Clinical trials in orthodontics assess the potential benefits (or harms) of the applied treatments. The final assessment is conducted by using a measure that represents the size of the benefit (or harm), if a benefit exists, of 1 treatment over the comparator. This measure is called *effect size *and shows the degree by which 1 therapy differs from the other ( Table I ). A clinical (and statistical) judgment is made on whether this effect size is great enough to set the 2 treatments apart and helps us to decide whether 1 therapy is preferable over the other in a clinical setting. In this article, we will present common effect measures.

Measure of effect | Description | No effect | |
---|---|---|---|

Mean difference | Absolute difference between means | Mean _{1 }– mean _{0 } |
0 |

Risk difference | Absolute difference between risks | Risk _{1 }– risk _{0 } |
0 |

Relative risk reduction | Absolute risk reduction divided by the baseline risk in the control group | (Risk _{1 }– risk _{0 })/risk _{0 } |
0% |

Risk ratio | Risk of an event in 1 treatment group vs risk of the event in the control or other group | Risk _{1 }/risk _{0 }or risk _{0 }/ risk _{1 } |
1 |

Odds ratio | Odds of an event in 1 treatment group vs odds of the event in the control or other group | Odds _{1 }/odds _{0 }or odds _{0 }/odds _{1 } |
1 |

Rate ratio | The rate of the event in 1 treatment group vs the rate of the event in the control or other group | Rate _{1 }/rate _{0 }or rate _{0 }/rate _{1 } |
1 (hazard ratio) |

Numbers needed to treat | Number of patients to be treated to prevent 1 event | 1/absolute risk difference expressed as a decimal fraction | Infinity |

The mean difference is an effect measure that is easily understood because it represents the difference between the means of 2 continuous outcomes and takes the units of the outcome. For example, what is the mean difference in months for achieving Class II correction with a Herbst appliance vs headgear? If the mean durations to achieve Class II correction in our sample are 6 months with the Herbst and 8 months with the headgear, then the mean difference is 2 months. This is interpreted as follows: the Herbst appliance needs on average 2 months less time to achieve the Class II correction compared with the headgear. A mean difference of 0 indicates no difference on average between the 2 treatments.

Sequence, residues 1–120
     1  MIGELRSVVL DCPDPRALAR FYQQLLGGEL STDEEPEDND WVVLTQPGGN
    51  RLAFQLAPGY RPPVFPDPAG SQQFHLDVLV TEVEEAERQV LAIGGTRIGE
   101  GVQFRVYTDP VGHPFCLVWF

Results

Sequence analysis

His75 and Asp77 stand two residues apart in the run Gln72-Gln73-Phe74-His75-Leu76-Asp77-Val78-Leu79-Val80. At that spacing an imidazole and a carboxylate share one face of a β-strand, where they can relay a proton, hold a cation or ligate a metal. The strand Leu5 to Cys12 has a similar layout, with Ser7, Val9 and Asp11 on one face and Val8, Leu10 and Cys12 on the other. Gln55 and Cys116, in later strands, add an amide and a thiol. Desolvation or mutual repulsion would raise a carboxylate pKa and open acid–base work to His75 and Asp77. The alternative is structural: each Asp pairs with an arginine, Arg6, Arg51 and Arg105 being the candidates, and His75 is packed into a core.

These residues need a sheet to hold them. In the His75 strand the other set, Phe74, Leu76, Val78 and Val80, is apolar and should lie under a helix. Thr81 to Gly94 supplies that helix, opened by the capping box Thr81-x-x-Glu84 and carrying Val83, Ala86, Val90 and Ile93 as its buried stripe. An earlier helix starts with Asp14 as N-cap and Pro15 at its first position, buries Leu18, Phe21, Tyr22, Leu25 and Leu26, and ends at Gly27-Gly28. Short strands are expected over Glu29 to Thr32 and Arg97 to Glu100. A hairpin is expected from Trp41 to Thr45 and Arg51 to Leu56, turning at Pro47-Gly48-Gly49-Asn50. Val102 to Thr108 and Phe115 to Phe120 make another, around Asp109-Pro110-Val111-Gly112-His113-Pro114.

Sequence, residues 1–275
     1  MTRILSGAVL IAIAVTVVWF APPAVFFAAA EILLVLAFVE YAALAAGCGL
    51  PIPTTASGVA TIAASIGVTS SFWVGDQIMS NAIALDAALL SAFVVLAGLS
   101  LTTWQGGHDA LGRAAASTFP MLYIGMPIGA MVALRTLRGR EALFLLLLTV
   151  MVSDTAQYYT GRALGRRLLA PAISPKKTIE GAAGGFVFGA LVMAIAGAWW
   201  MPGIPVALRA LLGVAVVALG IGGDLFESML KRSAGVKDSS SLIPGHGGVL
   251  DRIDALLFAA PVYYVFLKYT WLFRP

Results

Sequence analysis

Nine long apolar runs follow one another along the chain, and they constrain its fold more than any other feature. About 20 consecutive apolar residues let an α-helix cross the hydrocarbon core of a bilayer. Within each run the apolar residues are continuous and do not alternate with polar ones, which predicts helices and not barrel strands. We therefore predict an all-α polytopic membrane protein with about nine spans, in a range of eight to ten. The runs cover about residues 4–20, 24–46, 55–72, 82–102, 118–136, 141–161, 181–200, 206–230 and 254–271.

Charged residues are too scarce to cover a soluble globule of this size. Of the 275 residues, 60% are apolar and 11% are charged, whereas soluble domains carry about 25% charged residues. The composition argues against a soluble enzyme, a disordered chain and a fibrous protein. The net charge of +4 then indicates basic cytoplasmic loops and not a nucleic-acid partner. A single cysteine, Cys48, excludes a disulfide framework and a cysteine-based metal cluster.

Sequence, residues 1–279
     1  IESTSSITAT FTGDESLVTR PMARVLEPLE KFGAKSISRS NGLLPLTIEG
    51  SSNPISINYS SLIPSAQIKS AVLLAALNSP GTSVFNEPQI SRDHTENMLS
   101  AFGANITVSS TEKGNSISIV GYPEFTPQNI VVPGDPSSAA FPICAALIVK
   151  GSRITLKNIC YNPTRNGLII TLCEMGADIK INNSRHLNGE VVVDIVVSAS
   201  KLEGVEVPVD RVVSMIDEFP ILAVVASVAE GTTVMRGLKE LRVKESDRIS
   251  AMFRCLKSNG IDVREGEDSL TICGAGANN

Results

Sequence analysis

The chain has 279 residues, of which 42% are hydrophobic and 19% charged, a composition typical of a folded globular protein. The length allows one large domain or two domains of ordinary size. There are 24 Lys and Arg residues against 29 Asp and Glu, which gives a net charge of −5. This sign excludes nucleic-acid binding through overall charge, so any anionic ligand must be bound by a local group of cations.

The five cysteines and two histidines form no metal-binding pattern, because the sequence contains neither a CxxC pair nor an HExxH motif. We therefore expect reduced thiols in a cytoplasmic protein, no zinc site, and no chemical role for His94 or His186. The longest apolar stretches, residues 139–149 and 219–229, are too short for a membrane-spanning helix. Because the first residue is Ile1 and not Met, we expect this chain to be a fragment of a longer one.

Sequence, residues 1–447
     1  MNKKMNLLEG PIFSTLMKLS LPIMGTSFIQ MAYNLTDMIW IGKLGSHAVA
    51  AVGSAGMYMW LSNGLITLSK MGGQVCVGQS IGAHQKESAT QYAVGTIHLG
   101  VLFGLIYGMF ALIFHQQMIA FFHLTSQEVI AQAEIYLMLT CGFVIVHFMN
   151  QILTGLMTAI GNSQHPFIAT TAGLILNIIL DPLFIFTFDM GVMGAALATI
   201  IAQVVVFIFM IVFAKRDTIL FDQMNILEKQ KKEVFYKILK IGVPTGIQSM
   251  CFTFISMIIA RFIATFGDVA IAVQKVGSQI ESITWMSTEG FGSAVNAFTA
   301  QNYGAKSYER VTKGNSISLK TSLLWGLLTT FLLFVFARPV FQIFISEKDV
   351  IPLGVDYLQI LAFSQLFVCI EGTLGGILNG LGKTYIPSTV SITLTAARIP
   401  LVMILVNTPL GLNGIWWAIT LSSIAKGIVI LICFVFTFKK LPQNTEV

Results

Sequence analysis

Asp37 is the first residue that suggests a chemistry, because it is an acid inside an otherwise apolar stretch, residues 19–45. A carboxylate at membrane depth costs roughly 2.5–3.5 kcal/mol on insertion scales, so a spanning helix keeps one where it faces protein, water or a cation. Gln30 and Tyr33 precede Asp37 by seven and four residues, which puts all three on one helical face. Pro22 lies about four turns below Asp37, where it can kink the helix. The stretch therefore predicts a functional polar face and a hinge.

For the risk difference, risk is the probability that an event such as a bond failure will occur. The risk difference gives the absolute difference in risk between the 2 treatment groups and is used with binary outcomes (yes or no). For example, what is the risk difference of bracket failures between conventional and self-ligating brackets? If the risks or proportions of bracket failures in our sample are 5% for conventional brackets and 7% for self-ligating brackets, then the risk difference is 2%. It is interpreted as follows: conventional brackets on average have a 2% lower risk or probability of failing compared with self-ligating brackets. A risk difference of 0 indicates no difference between the 2 treatments.

With the same example of risk difference, the relative risk reduction is (7% – 5%)/5% = 40%. This is interpreted as follows: the use of conventional brackets on average decreases the risk or probability of failure by 40% compared with self-ligating brackets. If we compare the relative risk reduction value with the risk difference, we can see how different effect measures can give different impressions of the effect of interventions. A relative risk reduction of 0 indicates no difference between the 2 treatments.

The risk ratio or relative risk is a relative measure of effect rather than an absolute, and it is also used for binary outcomes. Risk is the proportion of failures in each treatment group. So, if in the self-ligating bracket group the risk is 0.07 or 7% and in the conventional bracket group the risk is 0.05 or 5%, the risk ratio is 0.07/0.05 = 1.4. It is interpreted as follows: the risk of failure (proportion of failure) for self-ligating brackets is 40% higher compared with conventional brackets, or the risk of failure for self-ligating brackets is 1.4 times that of conventional brackets. A risk ratio of 1 indicates no difference in effect between treatment groups, a risk ratio greater than 1 indicates that the risk is higher for self-ligating brackets, and a risk ratio less than 1 indicates that the risk of failure is higher for conventional brackets. The interpretation also obviously depends on which treatment group is selected for the numerator and which for the denominator. It is common practice to use the control or standard therapy as the denominator and the new intervention as the numerator.

The risk ratio is used more often than the risk difference because it is considered a more consistent estimate across different situations ( Table II ). Ideally, both the relative effect (risk ratio or odds ratio) and the absolute effect (risk difference) should be reported, since neither the relative measure nor the absolute measure alone gives a complete picture of the effect and its implications. For example, if the risk of bond failure with adhesive A is 0.02, doubling the risk, when using adhesive B, to 0.04 would indicate doubling the risk ratio; this, however, would only mean 2 more events out of 100 observations (risk difference, 0.04 – 0.02 = 0.02). In this scenario, presenting only the risk ratio is likely to make the reader overestimate the effect of the type of adhesive on bond failure.